When the discussion swung towards the importance of the visual element of the show, Patterson said that the relationship with Mike Cole was âa match made in heaven.âÂ Patterson and Cole go way back to â78, and over the years Cole has been responsible for designing record label logos, album cover art and coordinating some of the best visual experiences so intrinsic to an Orb show.Â Cole said that the nightâs show in the limited space of The Fleece meant that the visual elements were condensed.Â Fehlmann added, âBoth Patterson and I are super opinionated about art.Â Itâs the only thing we donât always agree on.â Â âWhat is cool is when I can throw some things on Mike and he adds to it and it morphs into something new.â Â It was clear there was a lot of respect for each other in the room when art was the under the microscope.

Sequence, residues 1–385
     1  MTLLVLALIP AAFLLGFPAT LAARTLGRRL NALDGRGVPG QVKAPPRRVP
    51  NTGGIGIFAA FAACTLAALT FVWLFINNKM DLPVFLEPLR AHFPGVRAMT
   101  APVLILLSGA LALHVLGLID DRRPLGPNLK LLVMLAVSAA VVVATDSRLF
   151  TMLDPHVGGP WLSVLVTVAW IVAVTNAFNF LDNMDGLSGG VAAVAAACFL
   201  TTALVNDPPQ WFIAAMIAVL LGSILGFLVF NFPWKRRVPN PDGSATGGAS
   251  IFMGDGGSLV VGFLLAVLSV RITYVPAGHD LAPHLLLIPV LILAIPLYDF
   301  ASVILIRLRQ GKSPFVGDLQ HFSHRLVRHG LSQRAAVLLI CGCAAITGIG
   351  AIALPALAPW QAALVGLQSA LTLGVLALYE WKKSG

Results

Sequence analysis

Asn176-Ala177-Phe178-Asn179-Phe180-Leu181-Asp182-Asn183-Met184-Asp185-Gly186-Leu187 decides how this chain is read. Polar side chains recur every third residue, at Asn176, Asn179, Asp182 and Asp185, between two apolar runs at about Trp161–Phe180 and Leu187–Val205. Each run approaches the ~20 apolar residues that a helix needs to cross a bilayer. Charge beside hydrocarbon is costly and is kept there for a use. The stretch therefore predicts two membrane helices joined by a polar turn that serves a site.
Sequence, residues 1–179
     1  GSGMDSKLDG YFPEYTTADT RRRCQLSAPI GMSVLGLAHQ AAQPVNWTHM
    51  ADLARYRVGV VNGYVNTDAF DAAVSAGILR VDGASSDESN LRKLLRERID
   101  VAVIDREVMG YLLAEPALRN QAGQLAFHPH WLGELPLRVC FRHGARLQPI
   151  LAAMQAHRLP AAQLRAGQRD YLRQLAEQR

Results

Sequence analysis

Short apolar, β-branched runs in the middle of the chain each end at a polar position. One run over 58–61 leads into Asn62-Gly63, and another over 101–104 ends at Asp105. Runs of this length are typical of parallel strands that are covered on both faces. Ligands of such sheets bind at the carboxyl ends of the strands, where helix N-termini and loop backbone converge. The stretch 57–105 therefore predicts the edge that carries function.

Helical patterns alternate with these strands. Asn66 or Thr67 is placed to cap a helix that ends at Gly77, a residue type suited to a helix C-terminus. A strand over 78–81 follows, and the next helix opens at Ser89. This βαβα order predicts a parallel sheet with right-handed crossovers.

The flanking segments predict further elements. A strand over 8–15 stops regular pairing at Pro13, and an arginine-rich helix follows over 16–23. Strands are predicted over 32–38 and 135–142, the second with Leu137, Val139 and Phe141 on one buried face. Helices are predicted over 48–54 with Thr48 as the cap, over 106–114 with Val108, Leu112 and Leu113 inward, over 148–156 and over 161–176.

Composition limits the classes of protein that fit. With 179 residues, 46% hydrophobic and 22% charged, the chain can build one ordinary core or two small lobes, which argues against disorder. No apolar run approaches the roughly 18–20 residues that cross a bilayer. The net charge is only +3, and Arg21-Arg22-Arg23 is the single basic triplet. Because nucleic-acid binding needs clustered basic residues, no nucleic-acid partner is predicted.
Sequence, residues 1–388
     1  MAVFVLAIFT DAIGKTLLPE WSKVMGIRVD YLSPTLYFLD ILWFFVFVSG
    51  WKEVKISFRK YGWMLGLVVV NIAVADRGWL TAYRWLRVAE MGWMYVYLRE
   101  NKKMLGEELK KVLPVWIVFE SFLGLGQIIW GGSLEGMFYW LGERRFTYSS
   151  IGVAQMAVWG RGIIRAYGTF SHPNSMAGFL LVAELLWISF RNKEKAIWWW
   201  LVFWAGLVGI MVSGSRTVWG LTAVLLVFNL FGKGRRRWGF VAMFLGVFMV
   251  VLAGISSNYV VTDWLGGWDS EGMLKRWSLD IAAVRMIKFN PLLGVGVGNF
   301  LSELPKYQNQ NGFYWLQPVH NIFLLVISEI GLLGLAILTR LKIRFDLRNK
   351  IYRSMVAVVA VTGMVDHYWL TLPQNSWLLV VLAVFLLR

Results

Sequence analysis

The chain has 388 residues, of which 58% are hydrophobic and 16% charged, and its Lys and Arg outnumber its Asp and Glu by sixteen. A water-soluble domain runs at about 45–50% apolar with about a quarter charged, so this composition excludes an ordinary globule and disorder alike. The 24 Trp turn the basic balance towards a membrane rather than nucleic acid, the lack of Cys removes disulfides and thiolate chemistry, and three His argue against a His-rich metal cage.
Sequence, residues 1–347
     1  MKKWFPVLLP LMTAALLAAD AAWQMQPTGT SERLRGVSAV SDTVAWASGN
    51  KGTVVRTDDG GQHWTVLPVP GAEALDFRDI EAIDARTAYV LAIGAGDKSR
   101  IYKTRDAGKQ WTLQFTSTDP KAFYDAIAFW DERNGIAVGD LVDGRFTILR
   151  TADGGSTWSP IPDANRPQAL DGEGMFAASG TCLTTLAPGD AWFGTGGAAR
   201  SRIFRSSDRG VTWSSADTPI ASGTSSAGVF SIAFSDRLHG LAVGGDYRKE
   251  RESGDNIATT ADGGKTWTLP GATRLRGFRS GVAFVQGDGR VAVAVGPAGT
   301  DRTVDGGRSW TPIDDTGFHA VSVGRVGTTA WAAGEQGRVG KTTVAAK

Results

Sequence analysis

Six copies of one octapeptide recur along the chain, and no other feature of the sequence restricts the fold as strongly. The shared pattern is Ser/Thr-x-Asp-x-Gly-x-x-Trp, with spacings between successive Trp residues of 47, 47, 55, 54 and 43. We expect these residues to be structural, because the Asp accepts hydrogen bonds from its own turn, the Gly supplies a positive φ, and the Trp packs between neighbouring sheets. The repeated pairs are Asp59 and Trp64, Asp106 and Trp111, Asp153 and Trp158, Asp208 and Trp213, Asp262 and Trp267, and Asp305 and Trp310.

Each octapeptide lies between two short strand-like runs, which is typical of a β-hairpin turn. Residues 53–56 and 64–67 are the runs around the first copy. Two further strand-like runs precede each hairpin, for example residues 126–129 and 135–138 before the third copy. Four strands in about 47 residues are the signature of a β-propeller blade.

More Tales From the Orbservatory â featuring Lee âScratchâ Perry, was released on June 3rd, and contains the wicked track âFussballâ.Â The next cool stuff to get released will be with Deadbeat, who is dropping the remixed âFussballâ, with the butt-shaking âBall of Fireâ on the b-side.Â Yeah thatâs right â b-side.Â This is released only on twelve-inch vinyl and will be out on July 12th.Â Collectors be aware.
A quarter-century of playing tunes to make you move is worthy of celebration and The Orb are letting us all come to the party with the release of their compilation The History of the Future Part 1 this year.Â 25 years of recording is another milestone, which will be reached next year, ensuring that Patterson and Fehlmann are kept busy with the Part 2 of The History of the Future.Â So if your grey matter is a little dusty or you are part of the new generation of fans, get yer discography onâŚ
The âel scoopoâ extra secret hush hush news we gleaned through torturous inquisitorial journalistic questioning techniques is that The Orb have a project they are currently working on called âMoonbuildâ.Â The ETA of this bad boy is ermâŚ sometime in the future.Â So keep your eyeballs and ear holes polished in anticipation punters.
Respect and love goes out to The Orb for a great night and big thanks to The Fleece, which will never disappoint.
-Pete Noble and Tim Cohen